[1115] Pathologic Ultrastaging of Sentinel Lymph Nodes in Endometrial Cancer

F Khoury-Collado, RA Soslow, MP Murray, ML Gemignani, NR Abu Rustum. Memorial Sloan-Kettering Cancer Center, New York

Background: Sentinel lymph node (SLN) evaluation in patients with endometrial cancer (EMC) has been proposed as an alternative to selective or reflexive lymphadenectomy.
Design: Patients undergoing primary surgery for EMC between 09/2005 and 09/2009 were studied prospectively. SLN mapping was performed using blue dye injection into the cervix in all cases. Additional injection methods included blue dye injection in the uterine findus, and cervical injection of 99m Tc sulfur colloid. SLN were removed followed by regional LN dissection. The pathology protocol for SLN evaluation follows: 2 adjacent 5-μm section were cut at each of two levels 50 μm apart from paraffin blocks lacking metastatic carcinoma appreciable in a routine hematoxylin and eosin (H&E) section. At each level, one slide was stained with H&E and the other with immunohistochemistry (IHC) using the anti-cytokeratin AE1:AE3, as well as one negative control slide, for a total of 5 slides per block. All other non-SLN nodes were examined only by routine H&E. Micrometastasis (MM) was defined as a focus of metastatic cancer ranging from 0.2-2mm. Isoltaed tumor cells (ITC) were defined as metastasis measuring ≤0.2 mm, including the presence of single non-cohesive cytokeratin positive tumor cells.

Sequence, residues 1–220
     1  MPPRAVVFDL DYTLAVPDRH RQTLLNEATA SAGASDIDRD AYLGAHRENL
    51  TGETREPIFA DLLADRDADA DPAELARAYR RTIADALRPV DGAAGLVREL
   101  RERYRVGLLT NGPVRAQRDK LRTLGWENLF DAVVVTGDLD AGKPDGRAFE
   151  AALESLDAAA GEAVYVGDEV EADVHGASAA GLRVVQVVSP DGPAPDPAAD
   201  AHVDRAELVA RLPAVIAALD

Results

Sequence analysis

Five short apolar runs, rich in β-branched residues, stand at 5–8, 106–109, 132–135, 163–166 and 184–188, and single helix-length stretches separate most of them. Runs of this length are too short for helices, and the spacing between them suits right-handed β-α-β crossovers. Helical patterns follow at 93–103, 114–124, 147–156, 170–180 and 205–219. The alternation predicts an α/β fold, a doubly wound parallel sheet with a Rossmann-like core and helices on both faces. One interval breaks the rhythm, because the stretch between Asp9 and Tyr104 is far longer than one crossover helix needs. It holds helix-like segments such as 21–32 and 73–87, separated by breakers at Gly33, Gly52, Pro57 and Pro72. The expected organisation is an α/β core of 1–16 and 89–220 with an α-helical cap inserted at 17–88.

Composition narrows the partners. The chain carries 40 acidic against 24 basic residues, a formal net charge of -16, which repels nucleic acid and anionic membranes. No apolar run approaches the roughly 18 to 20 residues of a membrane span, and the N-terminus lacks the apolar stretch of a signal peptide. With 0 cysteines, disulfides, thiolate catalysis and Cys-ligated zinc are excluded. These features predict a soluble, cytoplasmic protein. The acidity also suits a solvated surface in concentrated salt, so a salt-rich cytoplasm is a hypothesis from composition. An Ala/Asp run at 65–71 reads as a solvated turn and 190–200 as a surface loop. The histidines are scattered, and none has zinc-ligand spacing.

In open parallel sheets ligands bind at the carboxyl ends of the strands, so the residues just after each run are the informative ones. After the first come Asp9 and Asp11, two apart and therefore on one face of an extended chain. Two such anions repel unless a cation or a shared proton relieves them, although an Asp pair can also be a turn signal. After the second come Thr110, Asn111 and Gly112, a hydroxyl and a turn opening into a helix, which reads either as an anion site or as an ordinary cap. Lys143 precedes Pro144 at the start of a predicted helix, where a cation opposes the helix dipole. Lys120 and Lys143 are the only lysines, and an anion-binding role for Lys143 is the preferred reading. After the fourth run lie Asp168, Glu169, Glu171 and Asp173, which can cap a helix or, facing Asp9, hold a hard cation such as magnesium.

Results: 153 EMC patients were evaluated. The histologic subtypes were: endometrioid, 122 (80%); serous, 16 (10%); carcinosarcoma, 6 (4%); clear cell, 2 (1%); mixed, 7 (5%). The surgical stages were: stage I, 118 (77%); stage II, 3 (2%); stage III, 31 (205); stage IV, 1 (1%). SLN identification was possible in 131 (86%) cases. A median of 3 SLN (range, 1-14) and 10 non-SLN (range, 0-55) per patient were examined. The total number of patients with positive LNs was 20/153 (15%). In 6/20 (30%) cases with positive LNs, tumor cells were detected only by review of additional sections or IHC on the SLN required by the protocol (3 cases of MM and 3 cases of ITC). The SLN was negative for carcinoma in 3/20 (15%) cases with a positive non-SLN (false negative rate of 15%). All such cases occurred in the hands of surgeons new to the SLN procedure.
Conclusions: Pathologic ultrastaging of SLN removed during the lymphatic mapping for EMC is associated with a high (30%) detection rate of micrometastasis and ITCs that may have otherwise been undetected by routine LN evaluation. The clinical significance of ITCs in EMC requires longer follow-up.
Category: Gynecologic & Obstetrics

Wednesday, March 24, 2010 9:30 AM

Poster Session V # 140, Wednesday Morning


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